To recognize April as National Financial Literacy month, our blog entries this month highlight the importance of financial literacy, raise awareness about challenges homeowners face, and emphasize how individuals can establish and maintain healthy financial habits.
The years during and after an economic recession can be a breeding ground for housing scams. Scammers target families and individuals in a variety of ways, robbing them of thousands of dollars and threatening their financial security.
With help from the U.S. Department of Housing and Urban Development, the Homeownership Preservation Foundation, and the International Code Council, this week's blog post highlights three common housing scams.
Predatory Mortgage Lending
- What It Is: Merriam-Webster defines predatory lending as the practice of lending money to a borrower by the use of aggressive, deceptive, fraudulent or discriminatory means. Victims of predatory mortgage lending risk paying more in fees and interest, damaging their credit, or even losing their home.
- How to Identify: Look for higher than average loan fees, penalties for paying your loan off early, ads that say your credit doesn’t matter, or loans that include a large interest rate adjustment or balloon payment.
- How to Avoid: Take a pre-purchase education course from a HUD-approved housing counseling agency; contact multiple lenders to compare interest rates, fees and terms; and don’t sign any documents you don't understand.
Foreclosure Rescue Scams
- What They Are: Scammers offer to help you save your home or lower your mortgage payments, but end up taking your money and sometimes even your home.
- How to Identify: Look for companies that charges you in advance, offer you a guarantee that they can save your home, try to buy your home for much less than its value, or ask you to pay them instead of your mortgage company.
- How to Avoid: Contact a HUD-approved housing counseling agency who can provide FREE foreclosure intervention counseling; always make payments directly to your mortgage company; don’t pay money to anyone up front; and never sign over the deed to your home to a foreclosure relief company.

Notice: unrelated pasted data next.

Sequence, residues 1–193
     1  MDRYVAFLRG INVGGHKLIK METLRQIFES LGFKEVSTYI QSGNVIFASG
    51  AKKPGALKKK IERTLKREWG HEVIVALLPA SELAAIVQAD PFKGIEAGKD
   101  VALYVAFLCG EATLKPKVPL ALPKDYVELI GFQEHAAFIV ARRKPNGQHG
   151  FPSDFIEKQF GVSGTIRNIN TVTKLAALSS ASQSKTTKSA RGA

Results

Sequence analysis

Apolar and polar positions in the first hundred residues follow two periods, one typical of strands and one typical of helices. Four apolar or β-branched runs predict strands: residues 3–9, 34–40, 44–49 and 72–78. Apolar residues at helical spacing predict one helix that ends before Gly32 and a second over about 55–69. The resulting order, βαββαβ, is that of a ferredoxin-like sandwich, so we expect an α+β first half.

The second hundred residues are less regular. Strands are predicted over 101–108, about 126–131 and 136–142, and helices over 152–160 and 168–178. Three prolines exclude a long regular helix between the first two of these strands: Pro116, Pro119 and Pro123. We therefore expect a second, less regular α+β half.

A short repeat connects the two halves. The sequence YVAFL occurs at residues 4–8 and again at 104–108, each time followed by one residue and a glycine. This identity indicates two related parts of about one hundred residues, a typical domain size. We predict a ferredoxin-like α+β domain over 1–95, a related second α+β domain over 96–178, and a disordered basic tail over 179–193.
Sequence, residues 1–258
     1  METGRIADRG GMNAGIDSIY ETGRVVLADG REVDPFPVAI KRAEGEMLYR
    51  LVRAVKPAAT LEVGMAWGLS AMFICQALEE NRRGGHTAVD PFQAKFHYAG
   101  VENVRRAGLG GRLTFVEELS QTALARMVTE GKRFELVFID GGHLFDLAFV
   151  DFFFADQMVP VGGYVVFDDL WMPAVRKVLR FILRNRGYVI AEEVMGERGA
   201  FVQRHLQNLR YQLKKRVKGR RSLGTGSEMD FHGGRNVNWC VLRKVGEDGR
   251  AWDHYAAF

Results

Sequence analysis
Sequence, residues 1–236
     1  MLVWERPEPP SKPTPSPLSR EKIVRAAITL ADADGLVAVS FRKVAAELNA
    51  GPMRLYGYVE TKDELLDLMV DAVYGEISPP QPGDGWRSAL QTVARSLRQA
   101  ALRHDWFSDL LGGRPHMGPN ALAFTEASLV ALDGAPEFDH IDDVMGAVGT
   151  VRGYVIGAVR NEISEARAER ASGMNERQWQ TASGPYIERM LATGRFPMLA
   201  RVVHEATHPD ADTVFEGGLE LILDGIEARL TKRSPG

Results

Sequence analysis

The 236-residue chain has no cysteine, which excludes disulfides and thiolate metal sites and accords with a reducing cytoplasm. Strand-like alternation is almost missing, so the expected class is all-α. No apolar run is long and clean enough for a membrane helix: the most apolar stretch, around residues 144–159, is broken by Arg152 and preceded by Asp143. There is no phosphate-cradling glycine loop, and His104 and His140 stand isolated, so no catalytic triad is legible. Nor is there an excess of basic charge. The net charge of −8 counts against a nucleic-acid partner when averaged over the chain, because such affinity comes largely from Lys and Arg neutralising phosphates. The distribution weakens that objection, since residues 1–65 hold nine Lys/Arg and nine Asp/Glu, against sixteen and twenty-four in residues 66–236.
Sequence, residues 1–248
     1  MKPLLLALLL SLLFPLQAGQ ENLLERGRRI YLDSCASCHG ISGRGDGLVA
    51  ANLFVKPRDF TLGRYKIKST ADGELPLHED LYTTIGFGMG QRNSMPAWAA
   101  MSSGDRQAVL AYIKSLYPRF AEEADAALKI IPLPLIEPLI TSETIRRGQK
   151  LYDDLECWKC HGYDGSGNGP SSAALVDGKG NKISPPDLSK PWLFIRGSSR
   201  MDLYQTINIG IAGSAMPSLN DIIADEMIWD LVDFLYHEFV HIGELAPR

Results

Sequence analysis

- What They Are: Companies or individuals that agree to make requested repairs, but perform sub-par work or disappear with the homeowner’s money without making any repairs at all. These types of scams become even more common in areas recovering from natural disasters.
- How to Identify: Look for contractors asking for a large amount of money up front, bids that are significantly lower than others, contractors without proper licenses, and contractors that offer to perform work without a contract or without pulling permits.
- How to Avoid: Ask trusted friends and family members for references; always get multiple bids for repair projects; search and verify contractors through state licensing websites; and get all bids, permits and contracts in writing.
How to Report a Scam
If you encounter a scam, we recommend reporting it to the following agencies:
Texas Attorney General’s Office
Federal Trade Commission
On the House blog posts are meant to provide general information on various housing-related issues, research and programs. We are not liable for any errors or inaccuracies in the information provided by blog sources. Furthermore, this blog is not legal advice and should not be used as a substitute for legal advice from a licensed professional attorney.